Leigh Ann posted another mistaken identity on the RD80s Facebook page that I could see pass for Prince. “Oh Sheila” was one of six tracks by the Ready For the World that cracked the top 10 on the R&B charts from 1984-88, but their mainstream success was mainly limited to it and “Love You Down.”

By the time Sheila was a #1 hit, Prince had eight top 10 hits including two #1s. I can see why this mistake was made with similar style vocals, the Prince-like beat, and synthesizer rhythm being striking similarities.

Hit the comments and share you and your friends’ 80s mistaken identities!


Jason Gross is a child of the 80s and loves to subject his two sons to cartoons, TV, movies, and music from the decade. Currently promoting a M.A.S.K. live-action movie script (co-writer), he also enjoys freelance writing about 80s music & pop culture. Background includes radio broadcasting and B2B direct marketing. Follow Jason on Twitter@SockOfFleagulls and check out Rediscover the 80s!

{ 14 comments… read them below or add one }

eclectik March 22, 2012 at 6:58 am

Ahhh those were the days
The other thing is while knowing the artist was important, we were at a place where it was just good music and we enjoyed the songs as they came on

… moreover we were less upset that people sounded similar, we were just happy with good songs

Now everyone sounds alike AND the songs are awful

… I want my MTV!

Sting … No ZZ Top … No Dire Straits



Jason G March 22, 2012 at 8:06 am

…and the variety of music as well. Not this recycled garbage that they try to pass as “new.” There are a few artists now that are original, but I agree that many sound alike.
I’m constantly on the lookout for new music that sounds like it came from the 80s/early 90s era…but it’s hard to find!!


ShezCrafti July 14, 2012 at 10:20 pm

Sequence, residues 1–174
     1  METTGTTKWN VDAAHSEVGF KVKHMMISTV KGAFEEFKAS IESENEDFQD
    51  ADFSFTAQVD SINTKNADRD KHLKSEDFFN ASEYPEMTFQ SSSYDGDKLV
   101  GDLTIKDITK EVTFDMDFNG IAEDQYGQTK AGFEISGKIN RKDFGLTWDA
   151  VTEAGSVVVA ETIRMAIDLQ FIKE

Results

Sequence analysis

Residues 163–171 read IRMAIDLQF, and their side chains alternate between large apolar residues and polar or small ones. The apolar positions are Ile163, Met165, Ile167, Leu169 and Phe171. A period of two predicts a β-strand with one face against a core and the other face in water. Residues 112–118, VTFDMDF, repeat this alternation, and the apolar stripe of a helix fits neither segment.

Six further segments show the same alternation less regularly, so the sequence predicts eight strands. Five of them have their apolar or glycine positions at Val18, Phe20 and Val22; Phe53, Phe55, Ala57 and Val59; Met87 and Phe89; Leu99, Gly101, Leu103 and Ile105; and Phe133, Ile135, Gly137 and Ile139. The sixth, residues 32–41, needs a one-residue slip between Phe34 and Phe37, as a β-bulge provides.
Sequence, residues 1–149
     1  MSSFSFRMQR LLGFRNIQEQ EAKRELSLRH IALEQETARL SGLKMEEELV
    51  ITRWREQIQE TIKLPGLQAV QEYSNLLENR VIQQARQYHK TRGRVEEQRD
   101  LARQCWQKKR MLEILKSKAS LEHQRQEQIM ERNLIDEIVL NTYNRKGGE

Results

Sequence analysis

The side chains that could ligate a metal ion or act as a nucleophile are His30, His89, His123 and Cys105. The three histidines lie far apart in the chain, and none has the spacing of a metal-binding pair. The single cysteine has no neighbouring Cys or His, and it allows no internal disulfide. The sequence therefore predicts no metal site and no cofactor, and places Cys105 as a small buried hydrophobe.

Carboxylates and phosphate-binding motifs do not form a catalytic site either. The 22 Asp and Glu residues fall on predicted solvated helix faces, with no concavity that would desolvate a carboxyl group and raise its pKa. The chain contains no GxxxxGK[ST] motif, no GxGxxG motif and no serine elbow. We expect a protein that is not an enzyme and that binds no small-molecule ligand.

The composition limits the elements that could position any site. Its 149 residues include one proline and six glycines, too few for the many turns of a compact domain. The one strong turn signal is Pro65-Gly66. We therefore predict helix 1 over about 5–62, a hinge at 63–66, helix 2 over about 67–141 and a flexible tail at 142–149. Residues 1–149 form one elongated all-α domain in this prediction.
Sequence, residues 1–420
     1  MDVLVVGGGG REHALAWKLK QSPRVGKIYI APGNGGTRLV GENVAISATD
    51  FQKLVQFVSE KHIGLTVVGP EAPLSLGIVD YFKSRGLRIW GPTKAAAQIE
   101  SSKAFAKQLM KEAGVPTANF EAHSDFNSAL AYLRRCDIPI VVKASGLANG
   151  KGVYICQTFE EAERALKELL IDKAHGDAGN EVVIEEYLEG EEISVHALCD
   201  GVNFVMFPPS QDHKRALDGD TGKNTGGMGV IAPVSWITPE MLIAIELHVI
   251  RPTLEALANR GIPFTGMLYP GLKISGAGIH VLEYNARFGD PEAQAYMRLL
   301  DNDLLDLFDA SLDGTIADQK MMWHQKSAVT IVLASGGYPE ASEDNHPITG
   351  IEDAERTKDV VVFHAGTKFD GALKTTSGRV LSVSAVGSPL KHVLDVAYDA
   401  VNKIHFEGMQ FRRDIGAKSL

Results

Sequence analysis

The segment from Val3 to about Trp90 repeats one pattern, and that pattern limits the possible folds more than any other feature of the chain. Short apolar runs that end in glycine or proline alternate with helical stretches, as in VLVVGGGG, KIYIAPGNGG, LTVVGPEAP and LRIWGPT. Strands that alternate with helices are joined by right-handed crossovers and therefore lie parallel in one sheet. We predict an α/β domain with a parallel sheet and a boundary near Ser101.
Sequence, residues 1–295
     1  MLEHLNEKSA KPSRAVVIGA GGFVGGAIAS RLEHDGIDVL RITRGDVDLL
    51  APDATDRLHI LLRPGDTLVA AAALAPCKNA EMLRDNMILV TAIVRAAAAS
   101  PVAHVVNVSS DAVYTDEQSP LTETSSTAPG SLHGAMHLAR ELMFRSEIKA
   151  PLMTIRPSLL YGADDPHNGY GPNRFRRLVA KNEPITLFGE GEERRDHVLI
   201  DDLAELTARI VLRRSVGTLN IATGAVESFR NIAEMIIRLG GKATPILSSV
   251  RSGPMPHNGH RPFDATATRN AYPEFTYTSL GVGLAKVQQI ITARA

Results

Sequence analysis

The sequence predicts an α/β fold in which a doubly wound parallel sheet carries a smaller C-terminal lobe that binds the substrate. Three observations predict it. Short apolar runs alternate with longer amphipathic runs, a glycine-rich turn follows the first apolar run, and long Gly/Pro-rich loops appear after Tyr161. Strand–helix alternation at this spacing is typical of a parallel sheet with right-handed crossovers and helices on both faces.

Are you on Spotify? If so we should do some track-sharing. 🙂


Bobbi October 4, 2013 at 2:31 pm

It’s still more or less like that…don’t get caught up in golden age syndrome it’s not good for you or the people around you! Regardless, as Frank Zappa said “Music is the Best”.


Carl Weathered October 4, 2013 at 2:34 pm

it’s also funny to see people who grew up in the 80’s now with the mentality of people from the 80’s who grew up in the 50’s (ie THEIR parents)


Jennifer Schulting March 22, 2012 at 8:23 am

Good read.

And yes I do remember these songs and trying to get the lyrics right.

Google, I use it on the regular to set myself straight when I hear a new song and want to know the lyrics/artist.


Dex March 22, 2012 at 8:44 am

There’s an awesome site yes.com that logs radio station tracks. You can look up your station by call letters and as long as you remembet around what time you heard it, you can find it. I’m not sure the breadth of the stations they cover but it’s always worked for me.


Jason Gross (@SockOfFleagulls) March 22, 2012 at 1:15 pm

Nice resource!!


zedhatch March 23, 2012 at 4:29 pm

Bob marley for “don’t worry be happy” by bobby mcfarin, got in a fight with my kid over that one cause some idiot mislabled the MP3 she downloaded.


TomMathias2 March 29, 2012 at 9:59 am

Even more fun were the arguments over lyrics, my favorite is one my wife copped to from when she was a kid “hot spare-ribs are in your cereal bowl” for “we are spirits in the material world”


Howie Decker March 29, 2012 at 10:44 am

HAHA!! Nice. Tom, if you haven’t already – check out Jason’s (the author of this post) site Rediscoverthe80s.com – he frequently posts Misheard Lyrics of the 80s – right up this alley! Thanks for the comment Tom!


Jason Gross (@SockOfFleagulls) March 29, 2012 at 4:04 pm

Love it!! I thank my wife alot for misheard lyrics, but rarely (and smartly) ever give her the credit.


ShezCrafti July 14, 2012 at 10:16 pm

You’ve just described every argument I’ve ever had with my older sister. Well done.

This also reminds me of the Napster days when mislabeled ID3 tags were going around like herpes. I can’t tell you how many times I downloaded ABC or Naked Eyes songs that were labeled as Duran Duran.


Jason G July 14, 2012 at 11:07 pm

Yes, I remember those days as well. Some were ridiculous.

I did download Spotify at one point but haven’t used it much. Might have to revisit now! 🙂